Ayres has assisted the Village of Waunakee for more than 15 years, guiding community leaders through several brownfield redevelopment projects that have replaced empty canning and foundry facilities and other blighted buildings with a community center, senior housing, a pond, condominiums, retail businesses, and soon a public library.
Stokely Canning Site Redevelopment
The Village retained Ayres to assist with managing environmental concerns at the former Stokely canning plant site and to prepare and implement successful grant applications.
The project involved the redevelopment of the former Stokely Canning Factory, which had been used primarily as a vegetable processing and canning facility. The site is surrounded by a community park, schools, and single-family homes. Three parcels were included in the redevelopment project, which when completed created an 84-unit assisted living senior center on 3 acres; a 45,000-square-foot, multi-generational community and recreation center on 4.5 acres; green space; connecting pedestrian/bicycle trail; and a large regional stormwater detention basin on 8 acres to address frequent stormwater flooding issues.
Project attributes include the following:
Elimination of a very large, unsafe, blighted area in the center of the Village
Removal of safety and child endangerment concerns associated with the adandoned buildings
Restoration of the environment (ground and surface water and soil)
Creation of a centrally located community and recreation center
Alleviation of significant local flooding and minimization of sediment loading to Six Mile Creek and nearby Lake Mendota
Preservation of greenfields
Creation of many new jobs
Creation of desperately needed assisted living senior apartments
Ayres assisted the Village with applications for brownfield, site assessment, stewardship/greenspace, and stormwater detention basin grants. The Village received the following grants:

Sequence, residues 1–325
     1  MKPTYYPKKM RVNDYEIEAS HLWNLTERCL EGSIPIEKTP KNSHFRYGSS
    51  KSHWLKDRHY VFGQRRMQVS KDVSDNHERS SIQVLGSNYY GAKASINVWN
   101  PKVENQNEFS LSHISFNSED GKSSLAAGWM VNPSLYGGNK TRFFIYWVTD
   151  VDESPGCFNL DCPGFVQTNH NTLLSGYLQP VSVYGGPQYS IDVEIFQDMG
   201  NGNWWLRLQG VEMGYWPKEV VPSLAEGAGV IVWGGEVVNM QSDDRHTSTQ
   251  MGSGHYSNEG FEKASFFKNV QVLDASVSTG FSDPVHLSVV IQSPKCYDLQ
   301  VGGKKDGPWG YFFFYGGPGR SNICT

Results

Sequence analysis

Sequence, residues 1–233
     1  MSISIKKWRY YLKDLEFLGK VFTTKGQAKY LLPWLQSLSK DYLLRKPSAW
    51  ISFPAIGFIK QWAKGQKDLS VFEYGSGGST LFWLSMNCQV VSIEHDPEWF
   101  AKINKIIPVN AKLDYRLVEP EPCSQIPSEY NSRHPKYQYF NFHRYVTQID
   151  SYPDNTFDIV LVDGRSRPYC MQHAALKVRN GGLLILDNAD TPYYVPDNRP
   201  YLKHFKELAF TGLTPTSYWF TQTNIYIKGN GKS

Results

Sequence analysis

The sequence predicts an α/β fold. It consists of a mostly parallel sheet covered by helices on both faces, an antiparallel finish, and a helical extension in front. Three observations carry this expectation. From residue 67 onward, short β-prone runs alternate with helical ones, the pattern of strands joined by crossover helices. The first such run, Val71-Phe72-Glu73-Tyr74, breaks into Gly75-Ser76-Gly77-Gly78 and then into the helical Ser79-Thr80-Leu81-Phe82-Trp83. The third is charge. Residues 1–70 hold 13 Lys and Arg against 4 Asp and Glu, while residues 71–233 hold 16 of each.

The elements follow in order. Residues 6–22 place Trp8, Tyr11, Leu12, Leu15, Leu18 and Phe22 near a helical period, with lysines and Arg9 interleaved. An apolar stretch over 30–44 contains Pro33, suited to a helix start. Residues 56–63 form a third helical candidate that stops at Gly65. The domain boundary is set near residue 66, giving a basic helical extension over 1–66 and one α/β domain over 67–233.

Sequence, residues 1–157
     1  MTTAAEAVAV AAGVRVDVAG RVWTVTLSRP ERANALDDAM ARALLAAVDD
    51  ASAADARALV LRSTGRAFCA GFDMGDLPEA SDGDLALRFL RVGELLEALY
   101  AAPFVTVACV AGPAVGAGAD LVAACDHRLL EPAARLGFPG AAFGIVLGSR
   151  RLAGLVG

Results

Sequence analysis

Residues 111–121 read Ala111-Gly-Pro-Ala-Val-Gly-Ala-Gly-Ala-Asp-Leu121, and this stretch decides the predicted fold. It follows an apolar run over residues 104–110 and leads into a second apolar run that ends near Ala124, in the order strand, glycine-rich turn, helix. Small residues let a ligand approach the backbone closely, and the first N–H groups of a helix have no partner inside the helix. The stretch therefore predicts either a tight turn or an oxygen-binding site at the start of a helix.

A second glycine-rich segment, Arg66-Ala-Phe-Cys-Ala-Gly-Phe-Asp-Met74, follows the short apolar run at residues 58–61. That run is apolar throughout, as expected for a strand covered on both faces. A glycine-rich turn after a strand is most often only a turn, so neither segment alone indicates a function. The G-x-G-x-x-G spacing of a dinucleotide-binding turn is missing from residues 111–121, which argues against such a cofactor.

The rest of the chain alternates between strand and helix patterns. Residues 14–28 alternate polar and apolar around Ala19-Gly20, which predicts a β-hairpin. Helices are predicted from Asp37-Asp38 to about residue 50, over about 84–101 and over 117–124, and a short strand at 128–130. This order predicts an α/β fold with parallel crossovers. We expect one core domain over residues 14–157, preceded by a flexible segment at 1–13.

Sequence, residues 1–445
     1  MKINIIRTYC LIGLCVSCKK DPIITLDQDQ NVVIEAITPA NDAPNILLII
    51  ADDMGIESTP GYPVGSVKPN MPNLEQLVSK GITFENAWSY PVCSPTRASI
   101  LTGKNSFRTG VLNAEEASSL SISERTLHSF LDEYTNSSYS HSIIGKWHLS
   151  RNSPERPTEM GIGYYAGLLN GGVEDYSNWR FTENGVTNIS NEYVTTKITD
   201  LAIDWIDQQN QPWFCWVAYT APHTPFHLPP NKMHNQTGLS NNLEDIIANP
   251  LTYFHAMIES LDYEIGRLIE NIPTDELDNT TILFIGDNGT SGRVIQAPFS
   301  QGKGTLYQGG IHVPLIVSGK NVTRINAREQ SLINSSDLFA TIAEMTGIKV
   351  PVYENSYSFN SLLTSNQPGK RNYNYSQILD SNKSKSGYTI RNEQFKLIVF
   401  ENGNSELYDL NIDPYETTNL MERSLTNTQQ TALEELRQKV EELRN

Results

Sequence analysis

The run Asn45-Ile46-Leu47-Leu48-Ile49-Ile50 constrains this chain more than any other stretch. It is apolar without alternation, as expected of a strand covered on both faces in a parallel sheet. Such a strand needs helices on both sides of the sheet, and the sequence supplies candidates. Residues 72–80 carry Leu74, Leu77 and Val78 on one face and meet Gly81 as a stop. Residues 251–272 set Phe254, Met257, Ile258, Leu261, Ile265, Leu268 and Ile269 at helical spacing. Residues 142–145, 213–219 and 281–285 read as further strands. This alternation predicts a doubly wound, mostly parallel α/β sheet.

$625,000 in Wisconsin Department of Commerce brownfield grants
$160,000 in Wisconsin Department of Natural Resources (WDNR) site assessment grants
$150,000 Urban Nonpoint Source Pollution Storm Water Grant
$62,000 Community Development Block Grant from Dane County
$221,647 Stewardship Grant
Ayres performed a Phase 1 environmental site assessment (ESA) and a Phase 2 investigation as required for submittal with the grant applications. Tasks included management of lead paint, soil, debris, groundwater, and any previously unidentified solid or hazardous waste materials. Site capping and grading was completed to promote runoff and reduce infiltration into fill materials.
Ayres prepared asbestos abatement specifications, oversaw the abatement process, and hired the abatement contractor. Services included on-site reviews of abatement and air monitoring/clearance work performed by subconsultants. Ayres also oversaw the abandonment of an approximately 350-foot well, including removing the pump and piping.
Ayres prepared the Chapter 30 permit required for demolition and grading disturbance. Services included weekly coordination meetings between Ayres and the Village, railroad coordination efforts during demolition, and demolition oversight and quality assurance/quality control. Staff prepared all of the factory deconstruction bidding plans and specifications and provided on-site deconstruction oversight of all buildings on the site.
Ayres designed and oversaw construction of an 8-acre regional stormwater detention basin that provides much-needed flood relief and water quality improvements for stormwater flow to Six Mile Creek before draining into Lake Mendota.
Ayres designed a bicycle/pedestrian trail around the detention basin and a prairie garden and community vegetable/flower gardens. Interpretive signs installed along the trail serve as an instructional tool for students attending the adjoining schools.
The American Council of Engineering Companies of Wisconsin awarded the project a 2020 State Finalist Award. The Village of Waunakee received the International City/County Management Association 2007 Community Sustainability Award for the project.
Madison and Main Streets Brownfield Redevelopment
The North Madison Street and Main Street redevelopment project is part of the Main and Madison redevelopment project in downtown Waunakee, a stone’s throw from the Stokely Canning Factory redevelopment project. Many buildings required inspections before demolition, and much of the surface soil on these multiple parcels required remediation (encapsulation) before the area could be redeveloped.